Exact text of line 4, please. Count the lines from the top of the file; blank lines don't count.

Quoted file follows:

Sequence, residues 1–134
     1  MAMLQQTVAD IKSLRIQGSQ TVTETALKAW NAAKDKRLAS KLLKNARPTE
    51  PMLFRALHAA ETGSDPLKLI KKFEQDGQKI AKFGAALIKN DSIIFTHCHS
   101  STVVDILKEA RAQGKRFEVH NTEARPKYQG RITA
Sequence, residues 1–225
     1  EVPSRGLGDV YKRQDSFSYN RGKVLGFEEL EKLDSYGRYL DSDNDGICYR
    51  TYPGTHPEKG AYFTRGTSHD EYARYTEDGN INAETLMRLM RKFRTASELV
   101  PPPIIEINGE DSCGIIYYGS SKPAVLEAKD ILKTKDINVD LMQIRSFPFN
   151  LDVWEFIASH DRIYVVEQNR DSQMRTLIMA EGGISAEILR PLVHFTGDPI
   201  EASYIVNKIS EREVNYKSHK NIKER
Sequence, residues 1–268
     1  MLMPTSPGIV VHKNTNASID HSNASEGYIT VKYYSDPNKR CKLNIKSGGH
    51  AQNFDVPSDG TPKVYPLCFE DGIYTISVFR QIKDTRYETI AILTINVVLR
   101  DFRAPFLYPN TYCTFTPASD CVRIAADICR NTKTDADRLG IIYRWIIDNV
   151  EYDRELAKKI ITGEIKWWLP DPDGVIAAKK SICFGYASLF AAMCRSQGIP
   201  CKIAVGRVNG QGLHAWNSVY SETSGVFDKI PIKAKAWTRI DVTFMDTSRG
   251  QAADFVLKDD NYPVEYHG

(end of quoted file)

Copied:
   101  STVVDILKEA RAQGKRFEVH NTEARPKYQG RITA